A federal agency found staff at a Bangor hospital allowed two patients under the age of 18 to be together unsupervised in a common area, during which time they engaged in sexual activity.
The case at Northern Light Eastern Maine Medical Center drew a licensing citation from state regulators for failing to protect patient rights following a review earlier this year, prompting the hospital to make changes around patient supervision policies and monitoring practices.
If left unaddressed and uncorrected, citations can escalate to a hospital losing Medicare and Medicaid funding.
The unsupervised activity took place on Feb. 2, 2022, in the diagnostic evaluation area for adolescents in the hospital’s emergency department. Two unnamed patients, both under the age of 18, were unsupervised for 24 minutes during which they “laid down together under blankets in the common area, and engaged in sexual activities,” according to a report by the Maine Department of Health and Human Services Division of Licensing and Certification.
Hospital leadership informed the DHHS Division of Licensing and Certification of the event on Feb. 11, and the state launched an investigation that included “document reviews, observation and interviews.” The review was completed March 3 and found the hospital violated three of its policies.
The violations include the hospital’s parental supervision of pediatric patients policy, which requires a parent or legal guardian to be at a patient’s bedside if they’re under 18 while they’re in the emergency department. If a parent can’t be present, the policy requires another guardian or older adult to be with the patient at all times.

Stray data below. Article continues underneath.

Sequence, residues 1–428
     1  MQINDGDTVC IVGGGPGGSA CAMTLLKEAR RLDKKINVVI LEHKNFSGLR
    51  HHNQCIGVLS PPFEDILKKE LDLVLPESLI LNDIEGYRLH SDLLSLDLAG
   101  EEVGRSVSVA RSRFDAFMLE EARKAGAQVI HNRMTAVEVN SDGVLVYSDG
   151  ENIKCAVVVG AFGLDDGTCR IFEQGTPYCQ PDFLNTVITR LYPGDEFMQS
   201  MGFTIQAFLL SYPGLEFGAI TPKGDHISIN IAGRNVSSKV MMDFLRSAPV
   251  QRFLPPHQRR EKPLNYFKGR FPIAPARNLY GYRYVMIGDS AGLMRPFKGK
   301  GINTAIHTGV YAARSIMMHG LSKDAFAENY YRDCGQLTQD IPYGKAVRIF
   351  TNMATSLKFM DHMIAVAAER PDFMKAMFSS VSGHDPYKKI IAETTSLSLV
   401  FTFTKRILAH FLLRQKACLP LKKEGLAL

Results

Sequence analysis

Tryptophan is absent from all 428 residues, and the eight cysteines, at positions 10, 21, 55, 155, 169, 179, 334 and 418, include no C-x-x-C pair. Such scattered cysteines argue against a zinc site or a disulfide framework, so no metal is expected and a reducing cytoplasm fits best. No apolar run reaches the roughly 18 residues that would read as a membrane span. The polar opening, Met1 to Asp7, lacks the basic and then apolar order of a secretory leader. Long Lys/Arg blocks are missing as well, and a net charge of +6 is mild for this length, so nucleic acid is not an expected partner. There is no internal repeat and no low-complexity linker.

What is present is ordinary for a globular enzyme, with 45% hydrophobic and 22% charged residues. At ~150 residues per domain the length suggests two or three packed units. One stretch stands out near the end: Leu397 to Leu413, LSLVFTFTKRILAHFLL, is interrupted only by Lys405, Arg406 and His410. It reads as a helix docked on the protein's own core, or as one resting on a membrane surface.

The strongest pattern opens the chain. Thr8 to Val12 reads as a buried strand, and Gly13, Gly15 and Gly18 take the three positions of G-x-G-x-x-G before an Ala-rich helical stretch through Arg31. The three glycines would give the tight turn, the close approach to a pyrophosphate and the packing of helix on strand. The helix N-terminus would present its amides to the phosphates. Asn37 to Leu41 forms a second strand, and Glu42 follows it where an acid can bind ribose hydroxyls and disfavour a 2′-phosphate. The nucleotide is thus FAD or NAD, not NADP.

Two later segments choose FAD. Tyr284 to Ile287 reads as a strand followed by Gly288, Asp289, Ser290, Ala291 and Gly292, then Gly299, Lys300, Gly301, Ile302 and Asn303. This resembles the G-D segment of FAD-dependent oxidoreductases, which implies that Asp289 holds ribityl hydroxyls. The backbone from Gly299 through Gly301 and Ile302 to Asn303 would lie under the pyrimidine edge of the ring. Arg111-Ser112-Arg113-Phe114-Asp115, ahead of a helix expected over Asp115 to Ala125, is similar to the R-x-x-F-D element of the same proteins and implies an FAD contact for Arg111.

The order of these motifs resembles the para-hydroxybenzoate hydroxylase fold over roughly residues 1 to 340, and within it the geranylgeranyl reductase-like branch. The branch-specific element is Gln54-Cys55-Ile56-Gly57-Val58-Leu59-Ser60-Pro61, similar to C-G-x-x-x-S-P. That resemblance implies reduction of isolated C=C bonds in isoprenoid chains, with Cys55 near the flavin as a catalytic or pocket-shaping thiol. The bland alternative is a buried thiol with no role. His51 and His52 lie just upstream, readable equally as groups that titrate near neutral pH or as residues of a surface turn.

Both patients’ medical records show no indication that parents or guardians were present at the time and no alternative plans for either patient to be supervised were made, according to the report.
Also violated were the hospital’s patient rights policy and its management of behavioral patients in the emergency department policy, both enacted in 2018.
State investigators reviewed security footage from Feb. 2 and found video showing the two patients lying down on the floor next to each other, with pillows and blankets, in the common area of the unit. They were seen kissing and engaging in sexual activity with each other while unsupervised for about 20 minutes.
On Feb. 10, a nurse told the associate vice president that she had received a phone call from the legal representative of one patient to inform her the patient “reported playing ‘touchy feely’” with the other patient, according to the report.
The associate vice president viewed security footage of the event, immediately notified hospital leadership and made sure the patients were separated, the report states.
On Feb. 11, the associate vice president notified the police, Child Protective Services and the legal representatives for the two patients.
Kris Currier, spokesperson for Northern Light Health, declined to comment on specific details of the report but stated the hospital “self-reported this event to Maine DHHS and took immediate action to enhance patient safety in the emergency department.”
“EMMC partnered with DHHS and submitted a plan outlining the actions it took in response to this incident,” Currier said. “DHHS accepted EMMC’s action plan and found the hospital in full compliance with all CMS Hospital Conditions of Participation.”
The hospital’s plan for correcting the deficiencies that enabled the violations to happen includes increasing the supervision of patients in the diagnostic evaluation area, establishing guidelines for patient monitoring and increasing staff presence, among other measures.
“Increased supervision will improve patient safety and assure staff are intervening when needed prior to patients harming themselves or others,” the hospital’s plan, published May 6, states.
The hospital also outlined new behavioral expectations pediatric patients in the diagnostic evaluation area must follow. Those changes, which went into effect in late February, prohibit patients from sharing a bed overnight or socializing in one another’s private patient rooms, according to the hospital’s plan.